Limonlu in the Kayacı valley
|Other name(s)||Lamos, Lamus|
36°59′41″N 33°49′12″E / 36.994641°N 33.819911°E
Near Limonlu on the Mediterranean|
36°33′27″N 34°14′51″E / 36.55750°N 34.24750°ECoordinates: 36°33′27″N 34°14′51″E / 36.55750°N 34.24750°E
|River system||Limonlu Çayı|
The river rises at Yüğlük Dağı in the Taurus mountains and flows through deep gorges to the southwest until it reaches the Mediterranean Sea at Limonlu (the ancient Antiochia Lamotis) in the district of Erdemli. About halfway along its course it is receives the Susama Deresi from the west as a tributary.
In the town of Limonlu, about 500 metres west of the river mouth on a flat hill on the right bank is the Medieval castle Lamos Kalesi. Below the castle a late Ottoman bridge crosses the river, probably on the site of an earlier Roman bridge. North of the town are the remains of an aqueduct, which carried water from the river west to the ancient towns of Elaiussa Sebaste and Corycus.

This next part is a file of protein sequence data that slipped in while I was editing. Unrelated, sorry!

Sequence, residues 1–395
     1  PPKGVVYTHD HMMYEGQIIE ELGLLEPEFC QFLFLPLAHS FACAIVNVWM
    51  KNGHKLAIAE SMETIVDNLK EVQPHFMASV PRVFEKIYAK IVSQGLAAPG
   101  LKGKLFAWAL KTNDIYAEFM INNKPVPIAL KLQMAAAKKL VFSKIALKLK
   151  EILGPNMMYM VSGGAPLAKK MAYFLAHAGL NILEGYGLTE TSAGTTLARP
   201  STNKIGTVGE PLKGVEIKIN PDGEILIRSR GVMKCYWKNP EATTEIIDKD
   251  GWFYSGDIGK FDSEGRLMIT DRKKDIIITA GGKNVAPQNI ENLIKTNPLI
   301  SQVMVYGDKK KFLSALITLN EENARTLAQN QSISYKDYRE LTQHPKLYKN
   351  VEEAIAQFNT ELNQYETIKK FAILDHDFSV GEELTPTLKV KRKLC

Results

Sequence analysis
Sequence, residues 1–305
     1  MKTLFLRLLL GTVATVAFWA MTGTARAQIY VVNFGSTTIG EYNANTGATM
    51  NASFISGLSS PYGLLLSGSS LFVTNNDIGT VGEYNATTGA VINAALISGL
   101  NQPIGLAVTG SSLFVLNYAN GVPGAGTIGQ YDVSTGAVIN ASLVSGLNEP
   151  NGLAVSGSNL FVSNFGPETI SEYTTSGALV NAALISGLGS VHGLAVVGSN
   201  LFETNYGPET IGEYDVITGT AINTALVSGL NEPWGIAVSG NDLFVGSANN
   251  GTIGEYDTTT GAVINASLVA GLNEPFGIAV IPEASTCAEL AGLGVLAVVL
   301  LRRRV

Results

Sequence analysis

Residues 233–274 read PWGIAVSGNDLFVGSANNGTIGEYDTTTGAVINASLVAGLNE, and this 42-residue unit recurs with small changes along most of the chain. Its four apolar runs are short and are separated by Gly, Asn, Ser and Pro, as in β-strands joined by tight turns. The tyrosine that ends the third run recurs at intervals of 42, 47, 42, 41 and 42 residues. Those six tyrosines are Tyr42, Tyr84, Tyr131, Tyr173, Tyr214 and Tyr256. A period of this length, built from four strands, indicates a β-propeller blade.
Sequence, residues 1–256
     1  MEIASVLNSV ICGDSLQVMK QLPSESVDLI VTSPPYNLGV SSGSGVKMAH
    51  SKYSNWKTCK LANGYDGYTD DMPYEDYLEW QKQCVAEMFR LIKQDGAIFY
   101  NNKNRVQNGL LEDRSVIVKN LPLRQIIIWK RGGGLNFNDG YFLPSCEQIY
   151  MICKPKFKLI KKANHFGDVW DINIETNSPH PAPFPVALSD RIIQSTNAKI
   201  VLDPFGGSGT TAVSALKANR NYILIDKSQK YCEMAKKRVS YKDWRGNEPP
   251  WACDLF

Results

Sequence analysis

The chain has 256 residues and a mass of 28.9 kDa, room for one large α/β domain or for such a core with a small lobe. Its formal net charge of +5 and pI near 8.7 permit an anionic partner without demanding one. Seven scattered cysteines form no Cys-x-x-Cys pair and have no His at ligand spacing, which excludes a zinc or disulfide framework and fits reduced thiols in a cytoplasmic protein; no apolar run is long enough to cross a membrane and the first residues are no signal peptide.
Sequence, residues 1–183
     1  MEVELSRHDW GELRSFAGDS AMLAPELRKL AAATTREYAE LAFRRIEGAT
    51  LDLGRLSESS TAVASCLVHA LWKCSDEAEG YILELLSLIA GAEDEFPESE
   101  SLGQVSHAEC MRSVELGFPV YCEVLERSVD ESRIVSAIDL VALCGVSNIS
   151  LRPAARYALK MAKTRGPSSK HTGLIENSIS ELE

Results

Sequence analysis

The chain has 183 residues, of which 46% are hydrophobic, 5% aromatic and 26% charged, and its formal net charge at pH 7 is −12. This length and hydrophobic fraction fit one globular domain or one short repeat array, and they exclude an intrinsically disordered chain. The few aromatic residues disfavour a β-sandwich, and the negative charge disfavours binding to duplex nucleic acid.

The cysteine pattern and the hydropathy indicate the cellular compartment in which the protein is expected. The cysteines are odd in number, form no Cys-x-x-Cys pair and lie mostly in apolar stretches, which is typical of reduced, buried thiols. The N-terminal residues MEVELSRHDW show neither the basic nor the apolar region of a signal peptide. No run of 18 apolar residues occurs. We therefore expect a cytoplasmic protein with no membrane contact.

The ancient nam of the river was Lamos (Λάμος, Latinised as Lamus, Arabic: اللامس, al-Lāmis). The river formed the boundary between Rough Cilica (Kilikia Tracheia) to the west and Flat Cilicia (Kilikia Pedias) to the east. At its mouth was the city Antiochia Lamotis, earlier Lamos, formerly the capital of the surrounding region, the Lamotis. Later it formed the eastern edge of the Byzantine theme of Seleucia (Silifke), part of the border region of the empire known as the Kleisoura. Thus, the river formed part of the empire's border with the Islamic Caliphate. During the 9th–10th centuries, the river was the site of several Arab–Byzantine prisoner exchanges. The first of these exchanges occurred in 797 or 805 in the reign of the Caliph Harun ar-Rashid and the Byzantine Emperor Nicephorus I. Within twelve days, 3700 Arabic prisoners were released. The final prisoner exchange took place in 946 under Constantine VII and Al-Muti. 2482 Muslim men and women were released, 230 were kept in captivity. Later exchanges took place elsewhere, since it subsequently belonged to the Byzantines.